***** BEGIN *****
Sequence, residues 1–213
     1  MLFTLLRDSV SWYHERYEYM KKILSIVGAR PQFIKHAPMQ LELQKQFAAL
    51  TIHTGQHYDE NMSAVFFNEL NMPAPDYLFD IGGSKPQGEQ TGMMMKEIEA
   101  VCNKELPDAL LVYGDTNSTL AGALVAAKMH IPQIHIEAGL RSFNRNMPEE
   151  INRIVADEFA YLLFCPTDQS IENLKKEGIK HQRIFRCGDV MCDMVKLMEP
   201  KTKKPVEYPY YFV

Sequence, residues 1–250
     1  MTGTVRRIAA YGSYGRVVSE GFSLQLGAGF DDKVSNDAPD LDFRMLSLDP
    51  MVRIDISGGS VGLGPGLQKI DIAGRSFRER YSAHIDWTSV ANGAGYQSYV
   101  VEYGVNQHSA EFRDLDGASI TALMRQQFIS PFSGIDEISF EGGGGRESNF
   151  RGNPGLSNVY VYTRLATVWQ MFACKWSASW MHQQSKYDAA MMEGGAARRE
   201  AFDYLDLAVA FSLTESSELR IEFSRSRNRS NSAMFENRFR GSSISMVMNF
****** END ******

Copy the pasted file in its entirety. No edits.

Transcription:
Sequence, residues 1–213
     1  MLFTLLRDSV SWYHERYEYM KKILSIVGAR PQFIKHAPMQ LELQKQFAAL
    51  TIHTGQHYDE NMSAVFFNEL NMPAPDYLFD IGGSKPQGEQ TGMMMKEIEA
   101  VCNKELPDAL LVYGDTNSTL AGALVAAKMH IPQIHIEAGL RSFNRNMPEE
   151  INRIVADEFA YLLFCPTDQS IENLKKEGIK HQRIFRCGDV MCDMVKLMEP
   201  KTKKPVEYPY YFV

Sequence, residues 1–250
     1  MTGTVRRIAA YGSYGRVVSE GFSLQLGAGF DDKVSNDAPD LDFRMLSLDP
    51  MVRIDISGGS VGLGPGLQKI DIAGRSFRER YSAHIDWTSV ANGAGYQSYV
   101  VEYGVNQHSA EFRDLDGASI TALMRQQFIS PFSGIDEISF EGGGGRESNF
   151  RGNPGLSNVY VYTRLATVWQ MFACKWSASW MHQQSKYDAA MMEGGAARRE
   201  AFDYLDLAVA FSLTESSELR IEFSRSRNRS NSAMFENRFR GSSISMVMNF